SAO PAULO – The wildfire that has scorched 25 percent of Chapada dos Veadeiros National Park in the west-central Brazilian state of Goias is nearly under control, authorities said on Friday.
Officials suspect that arson has played a role in the disaster.
The fire was first detected Oct. 17 and blazes subsequently broke out at other sites in the park, which lies in the Cerrado region, home to a number of endangered species such as the maned wolf (Chrysocyon brachyurus), believed to survive only in the Cerrado.
The most recent outbreak was detected Thursday on the southwestern side of the reserve, according to the Chico Mendes Institute of Biodiversity, the park administrators.
While most of the outbreaks have been brought under control, but some 400 firefighters, police and volunteers are still working to suppress the last of the blazes, the institute said.
Chapada dos Veadeiros National Park, created in 1961, covered some 65,000 hectares (778,000 acres) until July, when President Michel Temer expanded the protected area to 240,000 hectares (2.9 million acres).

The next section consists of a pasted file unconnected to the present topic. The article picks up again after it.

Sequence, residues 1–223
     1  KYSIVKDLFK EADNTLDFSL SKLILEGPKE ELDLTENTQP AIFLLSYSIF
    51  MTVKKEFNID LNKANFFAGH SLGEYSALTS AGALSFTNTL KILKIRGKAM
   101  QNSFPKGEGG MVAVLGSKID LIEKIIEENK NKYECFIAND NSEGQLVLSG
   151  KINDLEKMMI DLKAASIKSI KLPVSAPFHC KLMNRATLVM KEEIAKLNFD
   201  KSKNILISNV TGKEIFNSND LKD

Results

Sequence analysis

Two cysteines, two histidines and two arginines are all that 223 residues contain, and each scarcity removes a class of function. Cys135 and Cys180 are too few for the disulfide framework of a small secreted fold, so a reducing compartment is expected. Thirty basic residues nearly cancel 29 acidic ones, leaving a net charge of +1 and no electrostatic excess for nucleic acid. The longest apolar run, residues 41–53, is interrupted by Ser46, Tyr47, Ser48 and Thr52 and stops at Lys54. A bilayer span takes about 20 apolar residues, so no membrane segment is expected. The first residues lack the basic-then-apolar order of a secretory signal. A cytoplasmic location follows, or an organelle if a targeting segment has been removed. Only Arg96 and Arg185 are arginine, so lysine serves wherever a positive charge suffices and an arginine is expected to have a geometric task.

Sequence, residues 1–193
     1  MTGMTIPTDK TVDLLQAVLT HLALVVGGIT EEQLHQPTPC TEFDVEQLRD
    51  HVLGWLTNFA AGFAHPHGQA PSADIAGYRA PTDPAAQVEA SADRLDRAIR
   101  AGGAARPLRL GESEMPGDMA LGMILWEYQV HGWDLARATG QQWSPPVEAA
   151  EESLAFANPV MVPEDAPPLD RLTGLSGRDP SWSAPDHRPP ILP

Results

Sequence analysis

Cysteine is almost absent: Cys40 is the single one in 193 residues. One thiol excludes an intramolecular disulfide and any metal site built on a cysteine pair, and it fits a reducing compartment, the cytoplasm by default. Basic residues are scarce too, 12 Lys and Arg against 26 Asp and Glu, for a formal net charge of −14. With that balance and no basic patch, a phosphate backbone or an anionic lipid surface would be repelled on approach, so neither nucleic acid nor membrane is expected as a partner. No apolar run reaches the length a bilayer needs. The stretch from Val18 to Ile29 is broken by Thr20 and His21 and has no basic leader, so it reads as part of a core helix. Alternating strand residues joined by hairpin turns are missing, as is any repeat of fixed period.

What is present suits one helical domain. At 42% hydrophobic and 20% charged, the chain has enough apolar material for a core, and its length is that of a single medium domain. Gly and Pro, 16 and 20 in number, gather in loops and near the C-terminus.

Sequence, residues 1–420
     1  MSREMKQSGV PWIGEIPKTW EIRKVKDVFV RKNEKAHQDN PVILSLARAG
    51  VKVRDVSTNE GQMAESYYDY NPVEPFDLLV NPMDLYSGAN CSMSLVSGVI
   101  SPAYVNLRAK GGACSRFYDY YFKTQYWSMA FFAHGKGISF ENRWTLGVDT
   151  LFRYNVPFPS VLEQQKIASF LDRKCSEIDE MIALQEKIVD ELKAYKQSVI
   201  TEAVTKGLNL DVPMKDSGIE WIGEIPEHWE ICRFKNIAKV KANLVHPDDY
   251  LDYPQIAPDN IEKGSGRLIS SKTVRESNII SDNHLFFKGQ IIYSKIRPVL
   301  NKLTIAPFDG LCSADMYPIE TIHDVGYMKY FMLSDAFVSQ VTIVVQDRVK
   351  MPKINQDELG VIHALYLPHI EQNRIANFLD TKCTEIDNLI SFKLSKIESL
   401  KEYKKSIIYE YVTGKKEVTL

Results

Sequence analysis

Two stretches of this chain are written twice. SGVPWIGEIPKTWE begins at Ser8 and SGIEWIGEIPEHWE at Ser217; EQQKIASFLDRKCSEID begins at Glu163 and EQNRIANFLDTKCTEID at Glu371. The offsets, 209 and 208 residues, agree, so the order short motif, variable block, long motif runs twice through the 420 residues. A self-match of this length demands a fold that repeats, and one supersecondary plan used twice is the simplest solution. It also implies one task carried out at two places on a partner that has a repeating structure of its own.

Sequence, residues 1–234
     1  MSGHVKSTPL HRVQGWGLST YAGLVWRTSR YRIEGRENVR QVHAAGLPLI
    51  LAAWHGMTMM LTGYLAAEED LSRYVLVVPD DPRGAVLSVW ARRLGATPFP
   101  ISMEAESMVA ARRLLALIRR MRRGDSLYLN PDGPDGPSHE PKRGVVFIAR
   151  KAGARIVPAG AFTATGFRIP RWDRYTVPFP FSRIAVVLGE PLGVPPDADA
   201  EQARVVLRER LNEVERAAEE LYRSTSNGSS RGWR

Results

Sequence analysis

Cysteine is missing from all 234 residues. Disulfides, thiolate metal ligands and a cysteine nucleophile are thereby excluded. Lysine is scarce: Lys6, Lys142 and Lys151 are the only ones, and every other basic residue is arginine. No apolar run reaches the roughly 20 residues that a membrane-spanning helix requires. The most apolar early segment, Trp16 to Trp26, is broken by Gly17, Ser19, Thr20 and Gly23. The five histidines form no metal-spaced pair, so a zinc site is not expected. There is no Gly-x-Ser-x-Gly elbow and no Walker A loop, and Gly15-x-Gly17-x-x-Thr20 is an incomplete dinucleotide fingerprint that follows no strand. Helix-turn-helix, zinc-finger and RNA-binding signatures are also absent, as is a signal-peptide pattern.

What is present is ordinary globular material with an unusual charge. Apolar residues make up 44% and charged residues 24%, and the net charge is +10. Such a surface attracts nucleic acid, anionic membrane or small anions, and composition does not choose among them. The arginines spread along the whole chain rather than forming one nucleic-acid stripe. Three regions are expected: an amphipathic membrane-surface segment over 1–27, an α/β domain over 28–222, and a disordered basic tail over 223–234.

Preliminary investigations suggest that land barons in the region may have started the fires in retaliation for the park expansion.
A Brazilian air force Hercules C-130 aircraft has flown eight sorties over the area affected by the fire, dumping roughly 96,000 liters (23,800 gallons) of water on the flames.
Central and western Brazil are suffering under a severe drought, making wildfires more likely.